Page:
That’s why I say it’s very counterintuitive, and it’s not just a balance. Indeed, frequently, you can actually push people to do things that are even less secure. And again, I think the nuclear industry has a lot of good examples of that. Where if you burden people with too much protective equipment, at some point during the summer, it’s just too hot, so they get rid of everything just because they can’t even bear the heat of all the stuff they have to carry, and thus they end up having no protective equipment at all, which is very dumb. So that’s why security is so complicated. It’s because you need to think of how humans will react, and it’s like a completely recursive feedback loop.

Kieran Chandler: You think about it, there are some data that you should not collect for any duration of time, maybe one week and get rid of it.

Richard Wilding: I think the interesting thing about Target, of course, was that they weren’t storing the data. It was just going through their systems. If you’re doing a credit card transaction, it has to go through the internet to the bank. If you can sit there tapping that feed, which is effectively what was going on, then you can do these types of things. But I think it is really important, if you think about GDPR and data protection, to only keep what is really needed. What’s the point of having all this stash of data? Some companies now, with artificial intelligence, believe that they should keep all this data because they might be able to do something useful with it in the future. Well, that’s a bit like me keeping every single email I’ve ever written in my life. Will I ever do anything useful with it in the future? We have to think through that.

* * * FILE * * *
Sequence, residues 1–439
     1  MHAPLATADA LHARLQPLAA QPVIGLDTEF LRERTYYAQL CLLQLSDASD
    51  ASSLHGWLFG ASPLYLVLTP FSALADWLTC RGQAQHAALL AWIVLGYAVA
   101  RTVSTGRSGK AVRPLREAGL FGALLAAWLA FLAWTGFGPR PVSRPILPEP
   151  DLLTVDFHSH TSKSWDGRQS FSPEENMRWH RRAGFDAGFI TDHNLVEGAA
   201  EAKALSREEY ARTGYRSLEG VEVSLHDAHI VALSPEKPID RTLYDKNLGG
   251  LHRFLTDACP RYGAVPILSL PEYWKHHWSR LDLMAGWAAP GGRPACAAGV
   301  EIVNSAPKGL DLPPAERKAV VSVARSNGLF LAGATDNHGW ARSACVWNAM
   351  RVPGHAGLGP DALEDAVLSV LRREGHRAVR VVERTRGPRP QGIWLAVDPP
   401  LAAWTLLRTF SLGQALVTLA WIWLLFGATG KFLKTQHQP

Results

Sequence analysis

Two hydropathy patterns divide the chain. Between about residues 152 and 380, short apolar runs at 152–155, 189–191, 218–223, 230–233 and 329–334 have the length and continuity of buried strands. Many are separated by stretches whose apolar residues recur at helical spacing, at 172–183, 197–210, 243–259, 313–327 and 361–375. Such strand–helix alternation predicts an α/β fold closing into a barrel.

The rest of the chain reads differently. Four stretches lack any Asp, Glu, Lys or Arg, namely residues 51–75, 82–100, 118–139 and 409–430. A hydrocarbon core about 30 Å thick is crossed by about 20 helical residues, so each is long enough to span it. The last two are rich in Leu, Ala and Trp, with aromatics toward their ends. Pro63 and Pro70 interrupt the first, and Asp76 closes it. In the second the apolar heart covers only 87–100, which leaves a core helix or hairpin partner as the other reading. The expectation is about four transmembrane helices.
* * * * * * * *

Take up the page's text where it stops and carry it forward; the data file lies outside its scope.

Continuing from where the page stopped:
I love this little quote when I’m talking to people about passwords: “Passwords are like underwear. You don’t want to let people see it, change it often, and you should not share it with strangers.” But at the same time, you’ve got to make sure that you’re able to remember these things as well, which is why you need other approaches.

Kieran Chandler: Richard, let’s talk a little bit about the current situation with more and more people working from home because of coronavirus. Presumably, this has introduced a lot more risk. What can a company, maybe somebody watching this, do in order to protect themselves?